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Tiles used at stations


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image.thumb.png.395366c2d710ba3bc6e00a872f0d4977.png

 

Stations, and in fact many buildings in Japan, seem to make extensive use of tiles.

 

In the example above, from Seibu-Tachikawa station, we can see that the cladding appears to have been cut where it joins the bottom of the staircase. It all aligns perfectly.

 

What are these tiles? Who makes them and what are they made of? And what is underneath them? Unfortunately whenever they do construction work in Japan they cover it all up so you don't get to see how it's done.

 

I know most buildings in Japan are steel or wood frame, rather than brick like in Europe, for Earthquake resistance. Are these bolted to the frame? How about insulation, do they bother?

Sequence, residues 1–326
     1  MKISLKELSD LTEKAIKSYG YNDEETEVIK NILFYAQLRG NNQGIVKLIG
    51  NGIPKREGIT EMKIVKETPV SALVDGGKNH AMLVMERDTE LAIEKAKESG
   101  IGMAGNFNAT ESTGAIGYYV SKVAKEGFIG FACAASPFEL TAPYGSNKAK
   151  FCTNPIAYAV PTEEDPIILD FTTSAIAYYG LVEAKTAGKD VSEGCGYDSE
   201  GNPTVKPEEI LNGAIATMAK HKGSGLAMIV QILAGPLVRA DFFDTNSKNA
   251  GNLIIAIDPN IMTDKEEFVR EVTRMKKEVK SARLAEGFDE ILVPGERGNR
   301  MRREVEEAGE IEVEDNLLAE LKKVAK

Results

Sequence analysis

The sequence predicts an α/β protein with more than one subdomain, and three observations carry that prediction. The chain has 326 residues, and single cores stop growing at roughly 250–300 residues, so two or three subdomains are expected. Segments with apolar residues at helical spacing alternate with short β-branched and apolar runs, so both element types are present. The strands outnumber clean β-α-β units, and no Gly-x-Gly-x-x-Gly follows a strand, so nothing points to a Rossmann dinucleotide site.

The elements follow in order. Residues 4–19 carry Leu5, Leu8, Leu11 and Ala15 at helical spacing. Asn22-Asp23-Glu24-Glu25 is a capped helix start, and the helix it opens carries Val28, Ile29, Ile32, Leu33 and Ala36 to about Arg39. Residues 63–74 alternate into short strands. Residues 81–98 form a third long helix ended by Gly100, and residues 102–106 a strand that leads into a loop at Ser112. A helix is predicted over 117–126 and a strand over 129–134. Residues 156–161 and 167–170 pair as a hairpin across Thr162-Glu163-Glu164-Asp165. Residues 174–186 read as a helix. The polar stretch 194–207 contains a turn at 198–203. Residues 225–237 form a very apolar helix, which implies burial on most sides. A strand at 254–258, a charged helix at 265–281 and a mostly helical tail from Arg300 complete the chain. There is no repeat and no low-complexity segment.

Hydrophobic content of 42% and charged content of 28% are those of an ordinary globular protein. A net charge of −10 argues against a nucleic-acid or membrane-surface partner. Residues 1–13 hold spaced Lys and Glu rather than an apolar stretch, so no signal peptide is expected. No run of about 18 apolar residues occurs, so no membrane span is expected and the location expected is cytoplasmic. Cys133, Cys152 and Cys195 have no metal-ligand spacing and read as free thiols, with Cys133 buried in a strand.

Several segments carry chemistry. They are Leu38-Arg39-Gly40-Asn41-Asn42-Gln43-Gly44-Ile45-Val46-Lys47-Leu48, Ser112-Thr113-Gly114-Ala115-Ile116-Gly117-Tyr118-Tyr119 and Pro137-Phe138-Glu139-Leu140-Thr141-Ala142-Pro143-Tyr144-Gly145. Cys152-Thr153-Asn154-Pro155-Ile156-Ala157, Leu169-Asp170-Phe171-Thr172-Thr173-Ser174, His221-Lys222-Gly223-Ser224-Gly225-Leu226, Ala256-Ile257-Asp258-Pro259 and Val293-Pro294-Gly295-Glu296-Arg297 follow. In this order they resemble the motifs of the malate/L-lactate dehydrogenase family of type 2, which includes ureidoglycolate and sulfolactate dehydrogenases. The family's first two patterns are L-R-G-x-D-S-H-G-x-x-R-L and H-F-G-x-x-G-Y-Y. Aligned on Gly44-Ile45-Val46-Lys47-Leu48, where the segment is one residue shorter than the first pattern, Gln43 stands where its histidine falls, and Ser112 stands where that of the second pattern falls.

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railsquid

I'm not a construction expert or anything, but I'd bet money the structure in the photo is a steel girder framework, probably with some sort of struts to mount the cladding on. No point in insulating that kind of structure as it's open to the elements and it's unlikely to be either heated or cooled. I'd guess the cladding itself is some kind of composite material (fibreglass? plywood?) with some sort of coating.

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Tony Galiani

This is only slightly related but you might find it interesting

 

I showed this to some of the people I worked with on our clinic construction and they were floored by the planning and preparation - precutting the wallboard and expecting to fit correctly when installed was beyond belief for them.

Construction practices in the USA seem really shoddy in comparison.  And even though I am no longer responsible for clinic projects, it drives me crazy to visit one of our sites and seen the mediocre workmanship.

Ciao,

Tony

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